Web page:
Dredging contract approved to deepen Port of Iberia to 16ft

Iberia Parish

NEW IBERIA, La. — For 30 years the Port of Iberia has been working on dredging the Acadiana-Gulf of Mexico Access Channel, and now it is funded, contracted, and ready to begin.

To float your boat in New Iberia, Louisiana has invested $38M state dollars. $10M of which was just awarded on contract for the first seven miles of dredging from the Port of Iberia to the Intercoastal Canal.

Equipment is being moved now to start the work as soon as possible. Another seven miles of dredging from Intercoastal City to the Gulf is funded and expected for next year.

“The dredging is going to allow us to bring in bigger boats, attract other businesses that have bigger footprints in the Gulf of Mexico,” explained Executive Director of the Port Craig Romero.

He said the shallowest water in the port is currently close to eight feet deep, but after dredging it will all be 16 feet deep. The spoil dredged from the bottom of the port will be used in a nearby Coastal Protection and Restoration Authority project that needs it according to the director. Romero added doubling the depth could potentially double the port’s activity.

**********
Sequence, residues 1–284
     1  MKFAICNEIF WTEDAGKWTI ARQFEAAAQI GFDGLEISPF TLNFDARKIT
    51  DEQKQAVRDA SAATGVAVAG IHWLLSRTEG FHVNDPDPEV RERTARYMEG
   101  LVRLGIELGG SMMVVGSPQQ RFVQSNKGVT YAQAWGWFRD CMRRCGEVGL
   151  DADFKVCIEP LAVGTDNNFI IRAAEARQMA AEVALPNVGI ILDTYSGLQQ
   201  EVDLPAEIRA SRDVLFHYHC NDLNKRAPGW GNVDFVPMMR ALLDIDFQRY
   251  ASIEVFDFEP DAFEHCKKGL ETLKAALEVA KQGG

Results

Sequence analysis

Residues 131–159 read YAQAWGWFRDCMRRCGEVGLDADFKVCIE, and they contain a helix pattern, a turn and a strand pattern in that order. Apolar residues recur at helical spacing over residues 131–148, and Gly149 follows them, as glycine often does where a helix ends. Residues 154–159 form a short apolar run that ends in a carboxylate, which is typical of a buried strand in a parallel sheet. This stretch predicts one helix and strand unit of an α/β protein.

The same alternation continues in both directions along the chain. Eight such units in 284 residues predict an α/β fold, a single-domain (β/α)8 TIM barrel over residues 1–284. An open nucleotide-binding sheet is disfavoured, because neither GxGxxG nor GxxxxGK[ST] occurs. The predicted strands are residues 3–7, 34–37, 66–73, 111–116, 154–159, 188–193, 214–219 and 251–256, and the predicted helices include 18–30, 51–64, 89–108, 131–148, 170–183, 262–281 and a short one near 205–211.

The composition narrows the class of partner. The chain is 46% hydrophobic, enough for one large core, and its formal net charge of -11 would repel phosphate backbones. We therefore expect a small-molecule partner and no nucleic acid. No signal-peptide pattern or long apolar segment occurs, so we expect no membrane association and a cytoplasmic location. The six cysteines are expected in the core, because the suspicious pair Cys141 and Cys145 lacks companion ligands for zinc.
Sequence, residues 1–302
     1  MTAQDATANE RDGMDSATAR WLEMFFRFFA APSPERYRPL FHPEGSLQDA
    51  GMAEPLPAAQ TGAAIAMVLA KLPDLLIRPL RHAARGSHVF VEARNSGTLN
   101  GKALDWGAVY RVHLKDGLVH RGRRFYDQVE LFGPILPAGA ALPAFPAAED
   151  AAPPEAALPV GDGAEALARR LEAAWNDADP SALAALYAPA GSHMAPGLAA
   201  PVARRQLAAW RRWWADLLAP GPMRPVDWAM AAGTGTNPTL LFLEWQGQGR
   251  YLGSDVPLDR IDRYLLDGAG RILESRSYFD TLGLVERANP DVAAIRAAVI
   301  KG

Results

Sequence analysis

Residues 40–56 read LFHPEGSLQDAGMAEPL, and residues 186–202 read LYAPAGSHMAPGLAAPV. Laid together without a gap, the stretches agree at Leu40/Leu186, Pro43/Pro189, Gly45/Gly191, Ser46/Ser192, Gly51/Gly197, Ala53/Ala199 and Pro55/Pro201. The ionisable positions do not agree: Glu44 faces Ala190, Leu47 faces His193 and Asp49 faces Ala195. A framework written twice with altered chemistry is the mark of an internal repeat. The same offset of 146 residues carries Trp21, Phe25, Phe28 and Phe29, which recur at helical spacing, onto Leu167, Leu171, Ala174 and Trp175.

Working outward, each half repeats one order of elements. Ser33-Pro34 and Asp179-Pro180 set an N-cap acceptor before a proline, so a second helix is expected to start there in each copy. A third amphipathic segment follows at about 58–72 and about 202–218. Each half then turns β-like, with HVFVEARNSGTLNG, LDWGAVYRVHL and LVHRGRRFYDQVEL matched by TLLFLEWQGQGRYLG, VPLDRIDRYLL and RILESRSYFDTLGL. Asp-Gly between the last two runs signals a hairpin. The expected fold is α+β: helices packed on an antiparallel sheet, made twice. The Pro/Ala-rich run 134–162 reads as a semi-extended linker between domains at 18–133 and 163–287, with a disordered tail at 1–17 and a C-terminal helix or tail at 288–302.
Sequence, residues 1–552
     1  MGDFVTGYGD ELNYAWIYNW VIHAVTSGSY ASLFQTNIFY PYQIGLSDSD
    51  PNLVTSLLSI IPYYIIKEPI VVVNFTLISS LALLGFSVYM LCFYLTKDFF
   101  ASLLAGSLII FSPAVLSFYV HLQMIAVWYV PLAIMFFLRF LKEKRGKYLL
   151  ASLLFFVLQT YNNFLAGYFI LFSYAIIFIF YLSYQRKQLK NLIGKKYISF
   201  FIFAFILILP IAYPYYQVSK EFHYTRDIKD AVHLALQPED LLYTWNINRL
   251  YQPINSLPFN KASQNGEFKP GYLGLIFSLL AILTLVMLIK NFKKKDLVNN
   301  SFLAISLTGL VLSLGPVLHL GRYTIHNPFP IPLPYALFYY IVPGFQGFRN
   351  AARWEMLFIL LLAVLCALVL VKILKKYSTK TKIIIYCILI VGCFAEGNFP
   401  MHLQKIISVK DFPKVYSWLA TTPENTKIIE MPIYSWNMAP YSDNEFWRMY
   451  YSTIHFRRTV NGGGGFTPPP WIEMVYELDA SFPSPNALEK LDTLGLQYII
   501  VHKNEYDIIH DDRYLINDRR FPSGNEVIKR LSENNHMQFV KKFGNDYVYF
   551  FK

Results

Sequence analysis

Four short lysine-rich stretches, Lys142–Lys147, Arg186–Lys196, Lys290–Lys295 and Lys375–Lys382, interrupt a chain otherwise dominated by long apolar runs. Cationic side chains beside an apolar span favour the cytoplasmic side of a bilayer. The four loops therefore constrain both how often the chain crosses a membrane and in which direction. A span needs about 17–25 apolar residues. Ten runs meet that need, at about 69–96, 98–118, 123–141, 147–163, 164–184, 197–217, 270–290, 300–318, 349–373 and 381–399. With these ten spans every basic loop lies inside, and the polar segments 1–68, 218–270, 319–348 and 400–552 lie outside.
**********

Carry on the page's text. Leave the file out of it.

“Already companies are coming, doing things that they never did before to experiment with the water depth that we currently have just to see what they can project to do with the added water depth of 16 feet, so we’re excited,” Romero expressed.

International oil company Seadrill, who moved to the port this Summer, said the transition to a deeper draft port was a dealbreaker for their billion-dollar business.

“The water depth, we had to have it,” Seadrill Global Warehouse Manager, Lynn Usie, stated. “It didn’t pay for us to continue to use barges and tugs to be able to transport this stuff out to a deeper port to load on a deeper vessel when we could do it here. So it helps everybody. It helps us for sure, and it definitely helps the Port of Iberia.”

With more businesses moving in and buying locally, the port expects the benefits to spread far beyond Iberia.

“At the end of the day, you’re creating new job opportunities for the local people throughout Acadiana. That’s what’s good. This is Acadiana’s port,” Romero concluded.

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